Francis Hawling, “HAMLET’s Reflection in the Scene of the Gravedigger imitated”

FRANCIS HAWLING

“HAMLET’s Reflection in the Scene of the Gravedigger imitated”

Sacred to the Memory of Mr. J. Lisset

 

All human Bliss, we liken to a Span,
How short is Friendship, and how frail is Man!
Fled is the Soul, no sordid Passion knew,
That Eye extinguish’d, ne’er had venal View,
The friendly Tongue, which frankly did impart                                            5
The honest Image, of an open Heart,
Now mute, and lost, consign’d to endless Night,
No more profit, and no more delight:
That gentle Hand, no more the Poor shall bless,
No more it minister to their Distress;                                                            10
No more the Anguish of thy Breast be known,
To throb with tender Sorrows, not thy own:
What lively Joys in ev’ry Face awoke,
And call’d forth all the Heart, whene’er he spoke?
Where’s now the easy Joke, the pleasing Jest,                                              15
Which gave high flavour’d Life, that sprightly Zest;
The broad loud Laugh, did such Delight afford,
And spread a wanton Triumph round the Board:
Ah! Joys, that ever more must be deplor’d!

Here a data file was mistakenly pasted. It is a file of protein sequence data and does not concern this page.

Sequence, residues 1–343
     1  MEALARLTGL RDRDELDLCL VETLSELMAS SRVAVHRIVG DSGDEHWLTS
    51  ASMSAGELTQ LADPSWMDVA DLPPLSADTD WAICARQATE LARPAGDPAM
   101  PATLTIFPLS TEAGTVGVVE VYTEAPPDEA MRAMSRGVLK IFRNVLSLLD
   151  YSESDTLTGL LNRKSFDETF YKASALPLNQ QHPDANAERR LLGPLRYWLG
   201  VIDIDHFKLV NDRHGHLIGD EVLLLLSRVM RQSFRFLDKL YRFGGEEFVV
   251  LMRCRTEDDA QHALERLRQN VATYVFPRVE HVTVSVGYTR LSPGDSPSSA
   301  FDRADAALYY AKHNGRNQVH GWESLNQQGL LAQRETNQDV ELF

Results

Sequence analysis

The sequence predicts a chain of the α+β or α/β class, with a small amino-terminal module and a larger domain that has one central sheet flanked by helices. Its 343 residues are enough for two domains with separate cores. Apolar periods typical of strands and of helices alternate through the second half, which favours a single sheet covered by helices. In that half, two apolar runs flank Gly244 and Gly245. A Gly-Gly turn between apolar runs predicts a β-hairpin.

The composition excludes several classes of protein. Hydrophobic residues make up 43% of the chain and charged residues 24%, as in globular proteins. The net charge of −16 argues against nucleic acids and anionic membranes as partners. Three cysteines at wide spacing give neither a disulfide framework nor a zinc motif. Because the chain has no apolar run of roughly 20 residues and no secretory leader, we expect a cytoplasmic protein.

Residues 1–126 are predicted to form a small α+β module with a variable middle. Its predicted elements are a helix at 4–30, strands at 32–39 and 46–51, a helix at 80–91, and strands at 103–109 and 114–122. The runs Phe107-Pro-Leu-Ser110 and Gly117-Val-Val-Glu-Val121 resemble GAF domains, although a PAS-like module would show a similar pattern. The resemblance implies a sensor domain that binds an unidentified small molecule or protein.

Ah! never, never more to be restor’d!                                                            20
Remorseless Fate! how pitifully sunk,
A livid, senseless, putrifying Trunk:
Go, to the Thoughtless, to the Vicious preach,
Speak to the Vain, the Proud, Ambitious teach,
Tell to the Fair, to what their Beauties tend,                                                25
And all its Purpose show, and all its End;
View ev’ry Age, the present, and the past,
To this, the Great, and Wisest, come at last,
No mortal Pow’r, its firm Decree can shun,
‘Twas Caesar’s Fate, and Ammon’s mighty Son.                                            30

 NOTES:

 Title A reference to Act V scene 1 of William Shakespeare’s The Tragedy of Hamlet, where Hamlet questions mortality and the nature of fate when mourning the loss of his love, Ophelia.

Dedication Mr. J. Lisset [Unable to trace.]

1 Span “A short space of time, esp. as the duration of human life” (OED).

4 venal “Connected or associated with sordid and unprincipled bargaining; subject to mercenary or corrupt influences” (OED).

7 consign’d  “To commit” (OED).

16 flavour’d  “A distinctive appealing or enlivening quality” (OED); sprightly “With spirit” (OED).

18 wanton “Unrestrained in merriment, jovial” (OED).

22 putrifying Alternate spelling of “putrefying,” “to cause to decompose with a foul smell” (OED); Trunk “A dead body or corpse” (OED).

30 Caesar’s fate Allusion to the death of the Roman dictator Gaius Julius Caesar who was murdered in the Roman Senate House by a group of nobles in March 15, 44 BCE (Britannica). Caesar is also referenced in the scene that this poem imitates: “Imperious Caesar, dead and turn’d to clay,/ Might stop a hole to keep the wind away” (Shakespeare, Hamlet, V.i.220-221); Ammon’s mighty Son Alexander the Great (356 BCE-323BCE), king of the ancient Greek kingdom of Macedon and conqueror of the Persian Empire.

Source: A Miscellany of Original Poems on Various Subjects, Part I (London, 1751), pp. 132-133. [Google Books]

Edited by Brittany Prodan


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